Three of the world’s key faiths meet in Jerusalem, one of the oldest cities in the world. Yet there is more to the city than Jewish, Muslim and Christian holy sites. Beyond the millennia-old maze of lanes and the bustle of the Old City’s souqs, you can explore the contemporary art galleries and buzzy dining scene of Downtown, as well as world-class attractions such as Yad Vashem further afield, while East Jerusalem shines a spotlight on the future of the region.
What’s the vibe?
Clamorous, gritty and a profound assault on all the senses (in a good way), Jerusalem is a joy to explore if you’re a solo traveller. Whether you’re perusing the city’s ancient and holy sights, bargaining for traditional Palestinian embroidery, Dead Sea products of Bedouin-woven rugs at the markets, people-watching over a beer at the Mahane Yehuda Market or taking a sobering tour of Yad Vashem, the city will suck you in.
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A Jerusalem solo trip overview
Allow at least four days to make the most of your solo trip to Jerusalem. You’ll need at least a day to explore the maze-like Old City, the Temple Mount and other highlights; another day to explore East Jerusalem’s spread-out Palestinian and other cultural attractions; ample time to eat your way around Downtown’s Mahane Yehuda Market and check out the ‘hood’s art galleries, and at least half a day to take in the Holocaust memorial museum of Yad Vashem. The best times of year to visit Jerusalem are April to May and September to November, when the weather is mild and the city is relatively crowd-free. Check when various religious festivals are happening, in case you want to attend/avoid them.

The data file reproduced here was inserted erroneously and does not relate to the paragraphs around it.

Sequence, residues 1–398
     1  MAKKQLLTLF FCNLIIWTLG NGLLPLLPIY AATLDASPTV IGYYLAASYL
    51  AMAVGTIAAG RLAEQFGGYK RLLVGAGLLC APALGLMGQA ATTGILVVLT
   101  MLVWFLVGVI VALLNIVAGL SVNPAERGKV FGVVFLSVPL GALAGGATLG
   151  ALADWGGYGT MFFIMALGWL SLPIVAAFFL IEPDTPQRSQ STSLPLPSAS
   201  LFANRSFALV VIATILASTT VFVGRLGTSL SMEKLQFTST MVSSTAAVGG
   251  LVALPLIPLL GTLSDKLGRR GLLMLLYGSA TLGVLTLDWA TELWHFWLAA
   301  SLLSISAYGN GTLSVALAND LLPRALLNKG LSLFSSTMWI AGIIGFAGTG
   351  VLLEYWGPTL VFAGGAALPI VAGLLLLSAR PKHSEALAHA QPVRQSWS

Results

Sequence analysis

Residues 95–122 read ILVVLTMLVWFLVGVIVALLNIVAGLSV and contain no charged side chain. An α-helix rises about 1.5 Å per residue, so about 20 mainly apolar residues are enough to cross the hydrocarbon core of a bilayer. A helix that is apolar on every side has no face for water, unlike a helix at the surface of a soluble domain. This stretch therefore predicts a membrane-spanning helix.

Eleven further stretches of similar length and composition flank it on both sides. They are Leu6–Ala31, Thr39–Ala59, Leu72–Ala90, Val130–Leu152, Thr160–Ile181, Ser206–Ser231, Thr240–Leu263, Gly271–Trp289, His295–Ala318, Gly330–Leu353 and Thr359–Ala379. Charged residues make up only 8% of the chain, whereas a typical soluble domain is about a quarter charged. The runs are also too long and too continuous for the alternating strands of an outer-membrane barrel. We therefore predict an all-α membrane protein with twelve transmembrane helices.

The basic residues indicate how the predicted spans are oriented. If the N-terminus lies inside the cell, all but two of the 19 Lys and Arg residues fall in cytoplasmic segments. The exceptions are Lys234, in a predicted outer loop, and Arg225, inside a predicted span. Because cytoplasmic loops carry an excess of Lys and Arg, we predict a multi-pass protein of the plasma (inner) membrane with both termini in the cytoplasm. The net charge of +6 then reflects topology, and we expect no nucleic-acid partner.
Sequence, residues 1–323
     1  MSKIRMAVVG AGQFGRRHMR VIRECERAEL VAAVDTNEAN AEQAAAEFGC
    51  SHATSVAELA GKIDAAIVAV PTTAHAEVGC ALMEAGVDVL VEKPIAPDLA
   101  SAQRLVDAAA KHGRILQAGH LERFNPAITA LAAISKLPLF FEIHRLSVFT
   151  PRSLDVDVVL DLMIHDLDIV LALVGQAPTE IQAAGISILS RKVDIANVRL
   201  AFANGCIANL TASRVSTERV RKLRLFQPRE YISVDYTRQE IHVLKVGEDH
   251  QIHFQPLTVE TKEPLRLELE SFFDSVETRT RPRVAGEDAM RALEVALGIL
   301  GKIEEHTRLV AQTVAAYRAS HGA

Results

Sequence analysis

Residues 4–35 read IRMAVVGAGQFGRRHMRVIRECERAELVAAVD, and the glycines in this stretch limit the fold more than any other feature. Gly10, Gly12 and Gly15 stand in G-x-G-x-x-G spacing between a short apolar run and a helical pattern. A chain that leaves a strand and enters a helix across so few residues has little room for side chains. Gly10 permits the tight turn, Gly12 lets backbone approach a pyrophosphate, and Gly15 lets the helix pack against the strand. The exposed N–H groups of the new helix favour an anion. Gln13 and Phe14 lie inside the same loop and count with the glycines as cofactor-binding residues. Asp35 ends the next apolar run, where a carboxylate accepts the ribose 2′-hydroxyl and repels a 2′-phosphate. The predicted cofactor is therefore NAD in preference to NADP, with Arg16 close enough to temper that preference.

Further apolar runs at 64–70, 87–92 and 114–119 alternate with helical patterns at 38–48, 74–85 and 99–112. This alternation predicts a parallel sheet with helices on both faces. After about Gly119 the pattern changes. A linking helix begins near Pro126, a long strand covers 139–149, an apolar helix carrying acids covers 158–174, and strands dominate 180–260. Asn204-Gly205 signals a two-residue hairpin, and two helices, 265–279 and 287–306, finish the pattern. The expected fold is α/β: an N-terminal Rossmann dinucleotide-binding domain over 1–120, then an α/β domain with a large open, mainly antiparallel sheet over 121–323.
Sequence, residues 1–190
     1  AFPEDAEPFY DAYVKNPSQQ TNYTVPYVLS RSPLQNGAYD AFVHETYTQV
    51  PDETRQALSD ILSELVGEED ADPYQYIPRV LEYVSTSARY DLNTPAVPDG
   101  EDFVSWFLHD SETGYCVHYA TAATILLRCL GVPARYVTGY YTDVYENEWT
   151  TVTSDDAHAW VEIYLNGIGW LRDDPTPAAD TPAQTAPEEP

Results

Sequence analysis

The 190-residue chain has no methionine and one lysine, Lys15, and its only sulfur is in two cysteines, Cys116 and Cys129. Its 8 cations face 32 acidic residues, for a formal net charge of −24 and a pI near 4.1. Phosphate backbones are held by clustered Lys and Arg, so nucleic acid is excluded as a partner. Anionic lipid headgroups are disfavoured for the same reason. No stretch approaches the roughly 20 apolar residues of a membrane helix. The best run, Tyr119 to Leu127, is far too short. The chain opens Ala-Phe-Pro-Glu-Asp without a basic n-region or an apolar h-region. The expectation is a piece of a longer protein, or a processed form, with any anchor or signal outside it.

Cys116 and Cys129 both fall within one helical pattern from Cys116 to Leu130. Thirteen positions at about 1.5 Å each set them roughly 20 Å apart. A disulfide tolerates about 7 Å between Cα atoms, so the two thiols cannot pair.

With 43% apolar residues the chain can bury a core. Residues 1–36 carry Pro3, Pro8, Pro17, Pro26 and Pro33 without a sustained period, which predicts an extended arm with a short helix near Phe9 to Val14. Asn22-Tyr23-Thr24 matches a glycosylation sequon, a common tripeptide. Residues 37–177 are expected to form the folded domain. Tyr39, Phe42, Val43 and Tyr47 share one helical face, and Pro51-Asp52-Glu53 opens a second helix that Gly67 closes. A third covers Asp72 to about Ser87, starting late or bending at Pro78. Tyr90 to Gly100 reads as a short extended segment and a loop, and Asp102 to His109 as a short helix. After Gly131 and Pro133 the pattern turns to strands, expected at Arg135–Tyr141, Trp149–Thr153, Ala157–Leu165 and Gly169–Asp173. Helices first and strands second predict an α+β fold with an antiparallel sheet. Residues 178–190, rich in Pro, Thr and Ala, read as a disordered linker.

Keen to join a small-group tour instead? Culture Trip’s week-long The Holy Land: See Jerusalem Through the Eyes of Locals takes in Jerusalem, Tel Aviv, the Dead Sea and more, in the company of a Local Insider.
Where to stay in Jerusalem as a solo traveller
Jerusalem is a patchwork of lively neighbourhoods, each with a distinctive character. Those of particular interest to visitors range from the bustling Palestinian Muslim communities in the east half of the city and the millennia-old lanes of the Old City to the contemporary, multilingual German Colony and Downtown Jerusalem with its galleries, markets and cafes.
Surrounded by mighty stone walls, this is the millennia-old heart of the city, where life in the warren-like lanes seems removed from the very modern traffic snarls outside its gates. Compact and a joy to wander around, the Old City is divided into Jewish, Muslim, Christian and Armenian quarters, and is home to some of the world’s most iconic religious sights: the Church of the Holy Sepulchre (where Jesus is believed to have been crucified), the Western Wall (Judaism’s holiest site), and the Temple Mount’s Al-Aqsa Mosque (3rd-holiest site in Islam). Besides bargaining at the souks and eating some of the world’s best hummus at Abu Shukri, it’s well worth overnighting in one of the handful of hotels and guesthouses here for a particularly atmospheric stay.
A short walk from the Old City, and composed of car-free streets branching off the main Ben Yehuda drag, Downtown Jerusalem is all sun-bleached plazas and courtyard cafes. Alleyways are dotted with art studios, jewellery shops, bars and independent boutiques, and there’s ample accommodation for all budgets. The Mahane Yehuda Market is a must for those travelling alone in Israel and wanting to experience the epitome of Jerusalem’s casual dining scene. Yalla Basta and Joel Haber offer excellent food tours centred on the famous market.